GNMA guarantee fees for the mortgage-backed securities more
than offset the costs of expected defaults, resulting in net
collections from the MBS program.) CBO expects that by
extending the lower fee of 6 basis points, however, GNMA would
remain more competitive with other MBS programs and continue to
guarantee more than $100 billion worth of mortgage-backed
securities, as it does under the current fee structure. Thus,
while repealing the fee increase would result in a less
profitable program, this loss would be partially offset by
additional receipts stemming from an expected increase in
demand for GNMA services of about 25 percent. On balance, CBO
estimates that implementing this provision would cost $56
million in 2005 and $173 million over the 2005-2007 period.
Assistance for Self-Help Housing Providers. Section 903
would authorize the appropriation of such sums as necessary for
the Assistance for Self-Help Housing Providers program through
2007. For 2002, $22 million was appropriated for this program.
Assuming continued funding at that level and adjusting for
anticipated inflation, CBO estimates that implementing this
provision would cost $69 million over the 2003-2007 period.
Housing Opportunities for Persons with AIDS. Section 904
would authorize the appropriation of such sums as necessary
through 2007 for the Housing Opportunities for Persons with
Aids program. For 2002, $277 million was appropriated for this
program. Assuming inflation-adjusted appropriations, CBO
estimates that the bill would authorize $1.5 billion for the
2003-2007 period, with outlays of $820 million over that
Section 301 would authorize the use of any amounts that
remain unobligated as of September 30, 2002, for grants under
section 202b of the Housing Act of 1959 to carry out a program
to demonstrate the effectiveness of providing funds to be used
for the repair, rehabilitation and modernization needs of
section 236 elderly housing. Based on information provided by
HUD, CBO estimates that the use of unobligated funds will
increase outlays by $34 million over the 2003-2008 period.
The Balanced Budget and Emergency Deficit Control Act sets
up pay-as-you-go procedures for legislation affecting direct
spending or receipts. The changes in outlays that are subject
to pay-as-you-go procedures are shown in the following table.
For the purposes of enforcing pay-as-you-go procedures, only
the effects through 2006 are counted.
INTERGOVERNMENTAL AND PRIVATE-SECTOR IMPACT
HR. 3995 contains no intergovernmental or private-sector
mandates as defined in UMRA and would impose no costs on State,
local, or tribal governments. Any significant costs to State,
local, or tribal governments would result from complying with
conditions of Federal aid.
ESTIMATE PREPARED BY:
Housing Assistance Programs: Chad Chirico (226-2820)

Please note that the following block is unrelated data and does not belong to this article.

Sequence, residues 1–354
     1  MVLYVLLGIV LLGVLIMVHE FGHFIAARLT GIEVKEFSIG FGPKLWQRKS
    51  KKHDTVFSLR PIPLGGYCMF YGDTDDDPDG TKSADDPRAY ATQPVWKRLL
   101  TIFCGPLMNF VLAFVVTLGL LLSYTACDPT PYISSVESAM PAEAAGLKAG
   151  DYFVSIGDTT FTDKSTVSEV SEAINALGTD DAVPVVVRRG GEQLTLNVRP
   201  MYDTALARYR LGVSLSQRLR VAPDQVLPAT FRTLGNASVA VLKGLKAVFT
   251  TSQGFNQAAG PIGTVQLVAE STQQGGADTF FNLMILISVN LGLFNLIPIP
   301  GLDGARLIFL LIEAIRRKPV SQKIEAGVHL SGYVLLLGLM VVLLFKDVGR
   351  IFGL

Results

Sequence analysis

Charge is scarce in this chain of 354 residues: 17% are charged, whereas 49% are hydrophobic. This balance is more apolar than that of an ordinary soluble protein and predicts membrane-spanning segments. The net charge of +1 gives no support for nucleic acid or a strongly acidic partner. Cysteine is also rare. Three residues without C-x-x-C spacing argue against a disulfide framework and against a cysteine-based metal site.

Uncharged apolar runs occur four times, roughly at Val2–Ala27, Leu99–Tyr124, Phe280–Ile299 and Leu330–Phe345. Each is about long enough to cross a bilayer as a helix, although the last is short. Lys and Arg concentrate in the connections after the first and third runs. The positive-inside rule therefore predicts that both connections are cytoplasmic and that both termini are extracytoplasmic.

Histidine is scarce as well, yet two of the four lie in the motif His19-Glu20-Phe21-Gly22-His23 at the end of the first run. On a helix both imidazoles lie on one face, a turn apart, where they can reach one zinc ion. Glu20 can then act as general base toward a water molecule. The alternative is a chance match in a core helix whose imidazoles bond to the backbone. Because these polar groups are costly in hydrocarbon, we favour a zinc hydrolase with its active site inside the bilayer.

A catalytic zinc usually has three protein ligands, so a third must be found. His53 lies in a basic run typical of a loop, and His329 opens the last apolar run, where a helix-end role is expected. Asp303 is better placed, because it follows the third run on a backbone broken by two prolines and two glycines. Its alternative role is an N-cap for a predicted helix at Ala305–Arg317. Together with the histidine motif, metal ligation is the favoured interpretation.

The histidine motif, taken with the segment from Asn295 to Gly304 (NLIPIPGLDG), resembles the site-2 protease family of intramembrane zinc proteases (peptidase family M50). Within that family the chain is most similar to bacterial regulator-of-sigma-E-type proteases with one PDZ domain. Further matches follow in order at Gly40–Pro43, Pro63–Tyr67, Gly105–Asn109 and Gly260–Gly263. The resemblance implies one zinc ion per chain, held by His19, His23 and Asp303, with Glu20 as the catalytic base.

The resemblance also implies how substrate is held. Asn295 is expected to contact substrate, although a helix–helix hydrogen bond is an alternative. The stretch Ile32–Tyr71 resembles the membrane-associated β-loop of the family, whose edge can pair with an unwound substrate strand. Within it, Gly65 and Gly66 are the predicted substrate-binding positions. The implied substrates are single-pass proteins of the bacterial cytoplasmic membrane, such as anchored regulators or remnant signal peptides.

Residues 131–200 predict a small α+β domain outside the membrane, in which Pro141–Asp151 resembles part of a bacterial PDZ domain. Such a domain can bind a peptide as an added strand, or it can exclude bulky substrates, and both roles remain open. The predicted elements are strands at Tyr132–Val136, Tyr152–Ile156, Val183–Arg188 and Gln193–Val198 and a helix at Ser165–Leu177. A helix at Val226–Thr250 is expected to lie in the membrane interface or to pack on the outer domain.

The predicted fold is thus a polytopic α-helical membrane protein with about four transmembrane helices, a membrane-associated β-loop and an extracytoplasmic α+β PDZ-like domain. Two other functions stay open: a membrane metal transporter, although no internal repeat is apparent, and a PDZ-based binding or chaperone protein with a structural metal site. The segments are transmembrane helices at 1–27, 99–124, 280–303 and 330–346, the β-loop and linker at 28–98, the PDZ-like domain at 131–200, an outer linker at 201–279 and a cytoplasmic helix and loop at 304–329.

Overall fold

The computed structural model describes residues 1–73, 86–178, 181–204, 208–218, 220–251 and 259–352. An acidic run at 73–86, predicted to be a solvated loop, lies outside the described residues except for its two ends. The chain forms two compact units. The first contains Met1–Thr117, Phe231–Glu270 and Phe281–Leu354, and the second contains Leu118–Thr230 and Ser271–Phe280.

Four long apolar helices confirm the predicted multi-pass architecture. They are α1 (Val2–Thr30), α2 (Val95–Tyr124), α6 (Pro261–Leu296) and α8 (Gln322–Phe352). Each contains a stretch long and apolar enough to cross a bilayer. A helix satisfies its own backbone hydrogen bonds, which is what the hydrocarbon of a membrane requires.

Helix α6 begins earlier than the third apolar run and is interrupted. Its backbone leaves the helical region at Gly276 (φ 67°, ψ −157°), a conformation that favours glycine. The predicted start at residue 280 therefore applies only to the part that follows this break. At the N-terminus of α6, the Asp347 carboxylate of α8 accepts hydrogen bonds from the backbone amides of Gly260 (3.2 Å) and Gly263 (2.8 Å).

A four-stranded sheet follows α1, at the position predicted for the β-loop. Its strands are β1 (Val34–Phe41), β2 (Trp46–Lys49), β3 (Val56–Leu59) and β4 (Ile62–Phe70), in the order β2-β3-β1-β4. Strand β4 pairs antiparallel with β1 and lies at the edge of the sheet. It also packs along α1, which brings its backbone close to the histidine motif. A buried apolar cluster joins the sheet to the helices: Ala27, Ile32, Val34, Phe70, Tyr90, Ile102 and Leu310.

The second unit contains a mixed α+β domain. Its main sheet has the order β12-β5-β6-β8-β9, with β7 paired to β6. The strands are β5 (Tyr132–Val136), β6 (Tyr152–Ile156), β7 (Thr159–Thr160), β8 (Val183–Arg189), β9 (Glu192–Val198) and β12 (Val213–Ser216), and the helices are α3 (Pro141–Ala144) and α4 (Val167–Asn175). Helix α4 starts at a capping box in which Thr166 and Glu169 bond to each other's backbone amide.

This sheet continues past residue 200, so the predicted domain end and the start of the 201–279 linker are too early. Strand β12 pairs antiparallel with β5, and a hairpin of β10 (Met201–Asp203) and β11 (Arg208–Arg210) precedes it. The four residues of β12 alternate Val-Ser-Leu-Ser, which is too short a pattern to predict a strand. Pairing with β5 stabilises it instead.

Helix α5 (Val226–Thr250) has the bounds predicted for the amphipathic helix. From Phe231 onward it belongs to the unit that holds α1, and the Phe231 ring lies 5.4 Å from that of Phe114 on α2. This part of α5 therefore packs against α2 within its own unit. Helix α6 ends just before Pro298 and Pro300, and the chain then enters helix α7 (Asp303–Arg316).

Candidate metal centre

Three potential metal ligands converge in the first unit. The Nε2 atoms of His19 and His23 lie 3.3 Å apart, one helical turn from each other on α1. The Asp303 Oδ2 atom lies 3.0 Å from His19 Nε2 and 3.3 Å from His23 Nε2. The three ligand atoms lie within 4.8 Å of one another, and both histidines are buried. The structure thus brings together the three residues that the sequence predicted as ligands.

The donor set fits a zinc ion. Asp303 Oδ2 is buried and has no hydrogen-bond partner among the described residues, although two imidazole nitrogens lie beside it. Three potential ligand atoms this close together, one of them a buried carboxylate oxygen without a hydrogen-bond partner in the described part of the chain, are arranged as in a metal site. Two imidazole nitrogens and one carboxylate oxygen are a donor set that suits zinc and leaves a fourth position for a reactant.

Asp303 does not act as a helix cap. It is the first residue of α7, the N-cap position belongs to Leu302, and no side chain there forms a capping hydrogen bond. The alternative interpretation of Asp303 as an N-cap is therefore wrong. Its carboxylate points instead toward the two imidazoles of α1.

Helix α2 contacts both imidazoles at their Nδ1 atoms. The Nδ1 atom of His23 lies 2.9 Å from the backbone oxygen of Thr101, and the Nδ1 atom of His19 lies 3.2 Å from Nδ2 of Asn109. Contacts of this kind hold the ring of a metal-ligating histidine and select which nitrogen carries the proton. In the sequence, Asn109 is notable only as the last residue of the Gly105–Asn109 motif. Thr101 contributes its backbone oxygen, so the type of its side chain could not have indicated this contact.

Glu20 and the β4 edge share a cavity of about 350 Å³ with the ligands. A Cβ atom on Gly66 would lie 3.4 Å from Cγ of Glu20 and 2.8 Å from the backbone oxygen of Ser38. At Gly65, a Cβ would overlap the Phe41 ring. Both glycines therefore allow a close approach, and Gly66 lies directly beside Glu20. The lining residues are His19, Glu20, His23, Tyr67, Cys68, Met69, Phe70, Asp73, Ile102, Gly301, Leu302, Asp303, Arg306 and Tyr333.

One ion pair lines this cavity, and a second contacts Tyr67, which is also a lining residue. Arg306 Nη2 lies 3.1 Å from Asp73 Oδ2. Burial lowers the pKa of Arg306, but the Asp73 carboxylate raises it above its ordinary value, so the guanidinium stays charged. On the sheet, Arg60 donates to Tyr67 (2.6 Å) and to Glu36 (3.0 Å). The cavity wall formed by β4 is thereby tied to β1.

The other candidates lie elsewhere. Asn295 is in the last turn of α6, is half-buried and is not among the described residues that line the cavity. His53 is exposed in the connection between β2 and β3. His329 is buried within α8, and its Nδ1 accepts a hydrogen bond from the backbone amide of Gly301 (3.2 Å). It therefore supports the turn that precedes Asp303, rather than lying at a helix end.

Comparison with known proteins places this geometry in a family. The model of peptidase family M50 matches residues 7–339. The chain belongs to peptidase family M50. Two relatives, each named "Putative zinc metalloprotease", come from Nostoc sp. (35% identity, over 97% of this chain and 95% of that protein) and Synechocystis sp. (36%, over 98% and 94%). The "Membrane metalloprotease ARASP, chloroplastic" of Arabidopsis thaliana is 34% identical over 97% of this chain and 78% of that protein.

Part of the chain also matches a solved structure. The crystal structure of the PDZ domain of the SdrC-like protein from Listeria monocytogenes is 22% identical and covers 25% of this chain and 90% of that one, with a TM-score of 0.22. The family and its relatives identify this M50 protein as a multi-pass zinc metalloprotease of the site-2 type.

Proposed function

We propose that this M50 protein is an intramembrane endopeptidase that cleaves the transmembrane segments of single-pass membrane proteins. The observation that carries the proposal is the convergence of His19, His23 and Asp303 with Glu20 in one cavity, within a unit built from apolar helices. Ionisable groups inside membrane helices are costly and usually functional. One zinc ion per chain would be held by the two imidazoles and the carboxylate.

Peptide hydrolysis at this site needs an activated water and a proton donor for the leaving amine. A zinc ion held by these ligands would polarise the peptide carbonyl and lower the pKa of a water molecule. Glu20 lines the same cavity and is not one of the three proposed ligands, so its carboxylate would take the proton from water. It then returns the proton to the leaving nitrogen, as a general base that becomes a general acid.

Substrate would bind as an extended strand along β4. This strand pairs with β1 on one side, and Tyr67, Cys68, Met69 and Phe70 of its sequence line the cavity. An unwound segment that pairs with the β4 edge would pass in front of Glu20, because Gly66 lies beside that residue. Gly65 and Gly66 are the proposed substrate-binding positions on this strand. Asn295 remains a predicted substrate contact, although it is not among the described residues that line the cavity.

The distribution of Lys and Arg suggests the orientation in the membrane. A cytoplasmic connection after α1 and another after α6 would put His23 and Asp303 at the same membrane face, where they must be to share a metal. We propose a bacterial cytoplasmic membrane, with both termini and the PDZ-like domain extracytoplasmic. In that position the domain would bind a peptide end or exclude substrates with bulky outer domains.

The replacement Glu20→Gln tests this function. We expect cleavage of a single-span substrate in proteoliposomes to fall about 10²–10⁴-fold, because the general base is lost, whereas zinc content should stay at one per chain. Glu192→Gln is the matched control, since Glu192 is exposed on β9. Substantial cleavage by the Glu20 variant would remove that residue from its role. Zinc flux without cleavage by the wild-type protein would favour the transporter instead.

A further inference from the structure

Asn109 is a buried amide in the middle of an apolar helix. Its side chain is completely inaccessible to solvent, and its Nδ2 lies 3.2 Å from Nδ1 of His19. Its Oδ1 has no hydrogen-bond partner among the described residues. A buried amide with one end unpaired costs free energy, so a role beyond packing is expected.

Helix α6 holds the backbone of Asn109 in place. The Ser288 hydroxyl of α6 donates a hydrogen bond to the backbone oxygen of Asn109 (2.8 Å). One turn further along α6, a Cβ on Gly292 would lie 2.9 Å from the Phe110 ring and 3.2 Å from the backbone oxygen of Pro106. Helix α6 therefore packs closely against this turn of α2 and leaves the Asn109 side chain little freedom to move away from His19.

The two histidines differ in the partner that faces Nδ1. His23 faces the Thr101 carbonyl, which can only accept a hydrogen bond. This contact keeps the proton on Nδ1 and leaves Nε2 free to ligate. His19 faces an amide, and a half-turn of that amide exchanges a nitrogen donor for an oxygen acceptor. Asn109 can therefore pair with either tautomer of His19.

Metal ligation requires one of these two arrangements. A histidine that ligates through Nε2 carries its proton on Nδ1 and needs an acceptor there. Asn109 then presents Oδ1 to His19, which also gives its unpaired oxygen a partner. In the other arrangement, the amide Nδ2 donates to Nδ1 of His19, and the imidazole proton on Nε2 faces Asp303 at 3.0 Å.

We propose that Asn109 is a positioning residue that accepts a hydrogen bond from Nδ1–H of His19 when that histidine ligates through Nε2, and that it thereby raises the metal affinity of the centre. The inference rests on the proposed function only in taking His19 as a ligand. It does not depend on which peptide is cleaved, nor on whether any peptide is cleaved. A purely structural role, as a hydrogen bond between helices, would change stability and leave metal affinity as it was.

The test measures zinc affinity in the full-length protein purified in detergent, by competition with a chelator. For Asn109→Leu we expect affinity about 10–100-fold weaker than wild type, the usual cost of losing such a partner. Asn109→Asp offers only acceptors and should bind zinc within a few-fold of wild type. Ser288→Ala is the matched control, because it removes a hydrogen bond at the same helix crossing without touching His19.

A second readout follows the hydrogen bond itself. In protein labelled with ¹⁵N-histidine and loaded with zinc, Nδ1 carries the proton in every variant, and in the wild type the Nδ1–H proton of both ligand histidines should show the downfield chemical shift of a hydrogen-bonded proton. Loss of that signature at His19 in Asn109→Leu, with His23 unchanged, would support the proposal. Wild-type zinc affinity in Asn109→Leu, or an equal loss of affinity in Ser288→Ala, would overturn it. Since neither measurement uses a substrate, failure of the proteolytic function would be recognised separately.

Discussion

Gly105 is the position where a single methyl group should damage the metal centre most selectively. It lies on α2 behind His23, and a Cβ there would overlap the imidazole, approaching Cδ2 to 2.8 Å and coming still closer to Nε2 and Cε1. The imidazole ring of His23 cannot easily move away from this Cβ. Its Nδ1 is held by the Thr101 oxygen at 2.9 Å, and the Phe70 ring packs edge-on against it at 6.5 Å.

FHA and GNMA Subsidies: Susanne S. Mehlman (226-2860)
Self-Help Housing Providers: Lanette Walker (226-2860)
Impact on State, Local, and Tribal Governments: Greg Waring
Impact on the Private Sector: Cecil McPherson (226-2949)
ESTIMATE APPROVED BY:
Peter H. Fontaine
Deputy Assistant Director for Budget Analysis
Constitutional Authority Statement
Pursuant to clause 3(d)(1) of rule XII of the Rules of the
House of Representatives, the Committee finds the authority for
this legislation in article I, section 8, clause 3 of the
Section-by-Section Analysis and Discussion
Section 801. Applicability. Except for certain agencies
delineated by section 802, the requirements of this title shall
apply to any proposed rule unless the agency promulgating the
rule certifies that the proposed rule will not, if given force
or effect as a final rule, have a significant deleterious
impact on housing affordability. This certification must be
published in the Federal Register at the time of publication of
the general notice of proposed rulemaking for the rule. Section
801 also applies to any final rule, unless the agency
promulgating the rule has certified that the rule will not have
a significant deleterious impact on housing affordability. This
certification must be published in the Federal Register at the
time of publication of the final rule.
Section 802. Exception for Certain Banking Rules. This
title does not apply to any proposed or final rule relating to
the safety and soundness of a federally insured depository
institution; credit union, Federal home loan bank; government
sponsored enterprise; a Farm Credit institution or foreign bank
or their branches; agencies or their representative offices
operating in the United States.
Section 803. Statement of Proposed Rulemaking. Unless the
agency has made a certification, the agency shall publish a
general notice of proposed rulemaking for any proposed rule.
The notice must state the text of the proposed rule and request
any interested persons to submit to the agency any written
analyses, views and any specific alternatives to the proposed
rule. The agency must also provide an opportunity for
interested persons to comment prior to promulgation of the
final rule. In addition, the agency is required to prepare and
make available an initial housing impact analysis in accordance
with section 804.
Section 804. Initial Housing Impact Analysis. For each
proposed rule, the initial housing impact analysis shall
consist of a description of the reasons an agency is taking
that particular action, the objectives and legal basis for such
rule, and a description of and, where feasible, of the estimate